Understanding chemistry is easier than it appears. That’s what Dr. Matthew Lukeman wants people to know.
Lukeman, Head of the Department of Chemistry, was recently nominated for a Discovery Centre Science Champion Award by colleagues Drs. Jeff Banks and Amitabh Jha for his work promoting science and technology to the public above and beyond the normal avenues of communication. His work includes developing the course Chemistry in Our World, a Speaker Series tour about pseudoscience in the media, and teaching chemistry demonstrations to students.
Chemistry in Our World aims to discuss the role chemistry plays in society, focusing less on fundamental chemistry applications, says Lukeman. “It’s about looking at real world applications and how chemistry is used and misused in the media.” The class of over 300 students is one of the largest offered at Acadia and draws in students from all disciplines.
As part of a Speaker Series tour, sponsored by the Canadian Institute of Chemistry – Maritime Section, Lukeman spoke over 15 times across Nova Scotia, New Brunswick, and Prince Edward Island for crowds of 20-200 people. The talk, The Sky is Falling! Or is it? Separating Fact from Fiction in Our Chemical World, addressed pseudoscience in the media. “I took a lot of examples from the media that were talking about certain chemicals being really harmful, and I separated them from what was real and what wasn’t,” says Lukeman. “It’s a topic people are very passionate about, and its interesting hearing everyone’s perspectives on it and how they live their lives.”
On top of teaching, researching, presenting, and spending time with his family, Lukeman somehow manages to find time to do chemistry demonstrations for youngsters. He does about a dozen chemistry demos a year to groups of children right up to the high school level in schools or summer camps, where he makes ice cream, burns things, and even blows things up. Renovations to Huggins Science Hall and Elliott Hall have slowed down Lukeman’s ability to give his normal number of demonstrations this year, but when renovations are complete, he will be able to continue his outreach with even more capacity than before. The learning labs are already operational he says and it’s made a world of difference. “We agreed as a department to reduce our office space to allow for as much lab space as possible.” Adding, “It has created more services for our students, and will allow us to do a better job teaching.”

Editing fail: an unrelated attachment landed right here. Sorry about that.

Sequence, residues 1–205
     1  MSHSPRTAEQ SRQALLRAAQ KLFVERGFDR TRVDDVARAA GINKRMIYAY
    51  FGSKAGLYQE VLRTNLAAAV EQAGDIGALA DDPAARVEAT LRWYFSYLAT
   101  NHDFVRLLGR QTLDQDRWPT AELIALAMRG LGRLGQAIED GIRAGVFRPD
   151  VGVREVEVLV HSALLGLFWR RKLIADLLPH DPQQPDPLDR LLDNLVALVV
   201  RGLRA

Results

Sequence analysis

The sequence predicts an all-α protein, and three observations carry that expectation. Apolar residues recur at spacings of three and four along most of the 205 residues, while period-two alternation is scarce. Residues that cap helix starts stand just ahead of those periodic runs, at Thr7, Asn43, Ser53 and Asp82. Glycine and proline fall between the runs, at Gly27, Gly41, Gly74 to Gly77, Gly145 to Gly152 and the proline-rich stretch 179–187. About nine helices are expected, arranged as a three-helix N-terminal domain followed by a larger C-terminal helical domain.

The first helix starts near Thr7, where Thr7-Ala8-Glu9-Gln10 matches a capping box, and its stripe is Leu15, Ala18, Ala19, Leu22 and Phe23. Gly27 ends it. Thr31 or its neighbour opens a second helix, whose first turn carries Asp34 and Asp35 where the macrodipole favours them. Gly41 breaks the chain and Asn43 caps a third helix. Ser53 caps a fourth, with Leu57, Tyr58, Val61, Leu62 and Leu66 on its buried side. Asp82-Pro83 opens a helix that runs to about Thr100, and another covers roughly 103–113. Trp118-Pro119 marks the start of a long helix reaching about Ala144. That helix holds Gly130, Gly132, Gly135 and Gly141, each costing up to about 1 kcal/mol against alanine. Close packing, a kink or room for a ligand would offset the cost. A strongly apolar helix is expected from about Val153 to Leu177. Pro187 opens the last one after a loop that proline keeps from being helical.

“We can provide research experience for more students. There are three different courses that focus on having students complete primary research. They aren’t classroom based at all, instead they spend six hours a week in a lab doing primary research with the professor.”
Lukeman’s commitment to providing outreach and understanding to the sciences is evident in the work he does, and it comes as no surprise to those he works with that he would be nominated for the award. “I’ve worked with Matt for many years,” says Dr. Jeff Banks, Director of Open Acadia and a professor in the Chemistry Department. “His commitment to creating an inclusive learning environment for everyone is incredibly important. Chemistry plays such a large role in our everyday world, it’s important that people understand this so that they can make informed decisions.”
The Discovery Awards take place on November 23, 2017, at the Cunard Centre.